Well what can I say?! “Singin’ In The Rain” (1952) is one of the all time classics. I initially saw this on stage in my home town back in 2004 prior to seeing the film, and I thoroughly enjoyed the production especially the iconic scene which featured actual water on stage; after viewing this I was spurned on to rent the film which I loved just as much. I have never actually been a huge fan of the older musicals in all honesty, maybe its a generation factor in some ways but I completely detest a lot of the Rogers and Hammerstein musicals such as “The Sound of Music” (1965) and “The King and I” (1956) ever since I was a child; I do however respect that they are considered classics and loved by many people but that’s just my opinion; I think what I liked about “Singin’ In The Rain” is the story; the fact that it is set in back-stage Hollywood and tells the story of the history of how the “talkies” came about; the decline of silent cinema and how technology in terms of the film industry was changing and advancing; I think the plot was what mainly held my interest. I also love how classic Hollywood this musical is; featuring entrancing dance sequences and memorable songs that can easily get stuck in the head; my personal favourite being “Good Morning”. Gene Kelly was such a fantastic dancer and his performance in the film as Don Lockwood has to be one of the best in terms of musical cinema. I think what I also enjoy about the musical is that it tells the story of the underdog who achieve’s stardom by the end; I am discussing the character of Kathy (played by Debbie Reynolds) here and I think her version of “You are my lucky Star” is one of my favourite songs in the entire musical. “Singin’ In The Rain” will definitely give you a glorious feeling!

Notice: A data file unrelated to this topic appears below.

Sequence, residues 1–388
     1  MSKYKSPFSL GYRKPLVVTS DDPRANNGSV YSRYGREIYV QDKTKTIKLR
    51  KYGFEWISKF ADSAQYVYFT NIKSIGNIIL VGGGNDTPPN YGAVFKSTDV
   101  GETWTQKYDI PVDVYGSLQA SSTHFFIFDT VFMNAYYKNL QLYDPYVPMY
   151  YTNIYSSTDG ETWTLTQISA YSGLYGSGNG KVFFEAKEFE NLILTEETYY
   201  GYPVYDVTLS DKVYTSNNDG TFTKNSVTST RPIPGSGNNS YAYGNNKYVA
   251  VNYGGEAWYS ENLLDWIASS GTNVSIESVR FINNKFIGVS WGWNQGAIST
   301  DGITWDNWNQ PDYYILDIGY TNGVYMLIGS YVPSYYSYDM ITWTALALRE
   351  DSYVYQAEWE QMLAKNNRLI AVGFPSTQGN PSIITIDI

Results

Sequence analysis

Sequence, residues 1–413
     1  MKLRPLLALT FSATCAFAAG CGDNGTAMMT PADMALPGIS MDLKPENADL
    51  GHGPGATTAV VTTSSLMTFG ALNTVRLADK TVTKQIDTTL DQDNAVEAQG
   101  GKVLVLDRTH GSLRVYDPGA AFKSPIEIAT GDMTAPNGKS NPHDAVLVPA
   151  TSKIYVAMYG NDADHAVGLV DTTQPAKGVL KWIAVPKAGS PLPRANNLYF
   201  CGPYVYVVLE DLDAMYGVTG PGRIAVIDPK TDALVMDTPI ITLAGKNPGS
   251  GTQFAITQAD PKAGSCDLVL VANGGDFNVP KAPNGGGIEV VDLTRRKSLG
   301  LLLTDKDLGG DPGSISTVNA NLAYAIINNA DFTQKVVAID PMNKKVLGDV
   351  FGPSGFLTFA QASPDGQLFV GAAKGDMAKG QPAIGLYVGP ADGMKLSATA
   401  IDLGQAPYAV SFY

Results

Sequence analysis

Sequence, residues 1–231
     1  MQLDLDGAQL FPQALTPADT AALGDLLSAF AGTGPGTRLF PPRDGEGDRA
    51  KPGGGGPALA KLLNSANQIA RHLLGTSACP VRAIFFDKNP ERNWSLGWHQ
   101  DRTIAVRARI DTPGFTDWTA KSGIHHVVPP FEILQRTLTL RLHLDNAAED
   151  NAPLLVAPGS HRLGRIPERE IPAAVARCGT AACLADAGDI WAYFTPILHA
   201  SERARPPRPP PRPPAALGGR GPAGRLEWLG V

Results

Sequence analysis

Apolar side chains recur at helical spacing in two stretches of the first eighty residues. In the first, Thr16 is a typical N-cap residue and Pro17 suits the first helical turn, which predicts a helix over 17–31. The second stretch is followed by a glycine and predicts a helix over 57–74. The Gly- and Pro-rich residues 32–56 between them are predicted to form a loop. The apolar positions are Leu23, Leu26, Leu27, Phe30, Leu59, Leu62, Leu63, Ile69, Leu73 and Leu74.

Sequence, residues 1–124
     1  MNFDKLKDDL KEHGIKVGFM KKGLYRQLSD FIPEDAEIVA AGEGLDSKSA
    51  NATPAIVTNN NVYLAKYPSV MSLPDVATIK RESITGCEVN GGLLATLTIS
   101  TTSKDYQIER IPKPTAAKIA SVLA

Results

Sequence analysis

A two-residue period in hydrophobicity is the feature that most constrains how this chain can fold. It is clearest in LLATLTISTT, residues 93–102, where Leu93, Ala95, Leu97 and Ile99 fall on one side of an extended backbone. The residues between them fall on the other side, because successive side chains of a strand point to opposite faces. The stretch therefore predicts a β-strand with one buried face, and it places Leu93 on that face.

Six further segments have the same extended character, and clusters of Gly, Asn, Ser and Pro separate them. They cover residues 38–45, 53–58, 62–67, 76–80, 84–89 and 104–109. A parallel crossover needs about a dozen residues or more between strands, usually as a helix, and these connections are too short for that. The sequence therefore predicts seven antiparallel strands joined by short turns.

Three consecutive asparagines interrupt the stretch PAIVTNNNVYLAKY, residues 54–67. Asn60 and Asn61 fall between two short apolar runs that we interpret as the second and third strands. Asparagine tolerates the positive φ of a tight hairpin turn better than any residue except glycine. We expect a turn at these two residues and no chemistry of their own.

8. “Blood Brothers” (1983- present)